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have been not to be taught by experience, by his own long misfortunes, nay, by the still smoaking scaffold of his father, that princes also have duties, and many arduous ones to fulfil, and that there is not a throne whose foundation is not shaken and ruined by idleness and profligacy! Such was indeed the tottering state of the English throne when James II. ascended it. Great prudence and moderation were requisite to consolidate it again ; but James, equally deficient in both, soon completed the overthrow by his rashness and obstinacy. ? algorit
As to the unprecedented measures which were pursued at this critical juncture, and have been sanctioned both by their success and their happy consequences, it is, perhaps, not amiss to observe, that had they been properly shaped into constitu. tional questions, and fairly discussed as such, their legality might have appeared at least doubtful. There was not indeed a single word in the constitution from which any absence of the king out of his kingdomn, might be construed into an abdication of the crown. The king's mal-administration, abuse of power, and his breaking the original contract between king and people, might have been constitutionally considered as non-entities, since the constitution had proclaimed as a fundamental principle that the king can do no wrong, declaring at the same time the ministers responsible for all violations of the laws which should be committed by govern. ment. The case of the king's voluntary absence from the kingdom, was not new in England, and had ever been provided for by a regency. When Richard I. in 1189, engaged in the Holy Land's war, he appointed regents of the kingdom during his absence, Longchamp and the bishop of Durham, in preference to his own brother, prince John. Henry VIII. Lad entrusted to sixteen executors the govern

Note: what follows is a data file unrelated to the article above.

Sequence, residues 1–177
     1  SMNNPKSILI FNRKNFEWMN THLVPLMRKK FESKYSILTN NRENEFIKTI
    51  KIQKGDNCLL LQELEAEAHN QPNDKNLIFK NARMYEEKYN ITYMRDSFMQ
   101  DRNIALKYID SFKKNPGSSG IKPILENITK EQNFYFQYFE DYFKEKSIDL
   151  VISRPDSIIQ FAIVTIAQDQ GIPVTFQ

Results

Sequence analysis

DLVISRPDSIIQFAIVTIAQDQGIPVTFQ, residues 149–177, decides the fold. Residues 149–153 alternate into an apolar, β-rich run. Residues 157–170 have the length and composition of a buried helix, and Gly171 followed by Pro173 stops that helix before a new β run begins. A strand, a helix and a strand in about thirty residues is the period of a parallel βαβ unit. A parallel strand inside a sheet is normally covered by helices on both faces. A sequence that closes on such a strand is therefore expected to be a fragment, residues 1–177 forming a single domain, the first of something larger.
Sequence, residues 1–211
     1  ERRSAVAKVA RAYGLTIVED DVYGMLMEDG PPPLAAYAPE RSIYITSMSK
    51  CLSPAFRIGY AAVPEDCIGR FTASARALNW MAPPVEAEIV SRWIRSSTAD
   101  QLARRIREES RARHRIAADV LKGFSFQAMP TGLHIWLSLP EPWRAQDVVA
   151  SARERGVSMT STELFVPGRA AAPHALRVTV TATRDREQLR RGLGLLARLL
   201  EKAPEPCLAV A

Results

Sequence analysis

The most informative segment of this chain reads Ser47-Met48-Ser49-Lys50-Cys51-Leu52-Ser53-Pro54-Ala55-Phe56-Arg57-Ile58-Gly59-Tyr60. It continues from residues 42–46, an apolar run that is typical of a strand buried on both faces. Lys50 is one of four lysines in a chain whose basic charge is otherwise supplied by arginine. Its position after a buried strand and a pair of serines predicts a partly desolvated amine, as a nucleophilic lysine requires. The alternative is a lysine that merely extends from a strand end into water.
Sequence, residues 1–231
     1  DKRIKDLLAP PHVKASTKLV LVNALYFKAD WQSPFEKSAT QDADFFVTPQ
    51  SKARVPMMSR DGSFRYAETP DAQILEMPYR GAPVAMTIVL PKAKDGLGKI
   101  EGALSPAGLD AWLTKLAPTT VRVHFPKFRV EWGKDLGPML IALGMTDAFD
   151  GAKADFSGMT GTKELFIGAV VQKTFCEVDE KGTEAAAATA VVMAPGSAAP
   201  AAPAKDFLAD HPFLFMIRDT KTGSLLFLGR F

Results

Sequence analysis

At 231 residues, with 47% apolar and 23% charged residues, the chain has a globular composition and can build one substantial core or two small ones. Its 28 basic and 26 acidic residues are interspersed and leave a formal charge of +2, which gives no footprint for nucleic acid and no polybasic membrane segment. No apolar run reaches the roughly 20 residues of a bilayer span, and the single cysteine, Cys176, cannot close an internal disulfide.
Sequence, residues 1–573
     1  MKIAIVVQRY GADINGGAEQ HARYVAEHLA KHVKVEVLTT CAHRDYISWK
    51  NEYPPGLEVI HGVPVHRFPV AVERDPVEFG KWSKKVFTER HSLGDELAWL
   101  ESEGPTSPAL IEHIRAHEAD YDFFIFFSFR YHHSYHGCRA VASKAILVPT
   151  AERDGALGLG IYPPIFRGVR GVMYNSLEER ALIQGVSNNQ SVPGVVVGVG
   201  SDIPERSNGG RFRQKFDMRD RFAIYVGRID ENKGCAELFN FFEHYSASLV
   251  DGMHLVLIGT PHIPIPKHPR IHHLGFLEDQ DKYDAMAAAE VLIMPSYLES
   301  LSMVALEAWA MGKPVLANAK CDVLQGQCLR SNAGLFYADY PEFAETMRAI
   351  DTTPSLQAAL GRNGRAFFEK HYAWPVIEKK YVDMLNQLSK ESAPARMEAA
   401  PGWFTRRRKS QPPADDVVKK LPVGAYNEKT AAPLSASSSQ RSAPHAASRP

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ment of the kingdom during the minority of his son Edward VI. and appointed twelve counsellors to assist them with their advice. Therefore the same measure might have been resorted to, had the prince of Orange and the princesses Mary and Anne persevered in their refusal of the regency. But even on putting aside these argunients and fully admitting that James II. had really forfeited all his rights to the crown, those of his infant son and legal successor remained unimpaired; his absence at the age of six months was obviously involuntary and might have been provided for by a regency. In short, there seemed to be no other regular means to deprive him of the crown than to have his birth put again in question and declared spurious. Had such a state trial taken place in the existing circumstances, it might possibly have been attended with the most favourable consequences to the ambitious views of the prince of Orange. He, however, rejected that measure out of regard for his father-inlaw, and though he was the more laudable for this conduct, neither his claim nor that of princess Mary to the crown, became better for it. But these arduous difficulties disappeared all at once by all parties agreeing to appeal to the first and most sacred of all laws, the safety of the people, which did not allow to let government and public affairs remain any longer in that state of unsettledness and disorder, wherein they had been thrown by the king's absence, and the important measures which were adopted in this emergency, though obviously revolutionary, as deviating from the constitution, secured both the liberties of the people and national religion more efficaciously than they had ever been. The famous declaration of rights by a solemn royal assent confirmed at each coronation, and by a constant execution during more than a century, is become not only a necessary appendage, but a strong bulwark to the constitution. It is composed of thirteen articles, the substance of which is as follows:
" It declares that the pretended power of sus“ pending of or dispensing with laws, or the exe" cution of laws by regal authority, without con6 sent of parliament, as it has been assumed and ex66 ercised of late, is illegal; as well as the commis“ sion for erecting the late court for ecclesiastical “ causes and all other commissions and courts of
the like nature. " That the levying of money by pretence of pre
rogative without grant of parliament for lon6 ger time or any other manner than it is or shall .6 be granted, is illegal.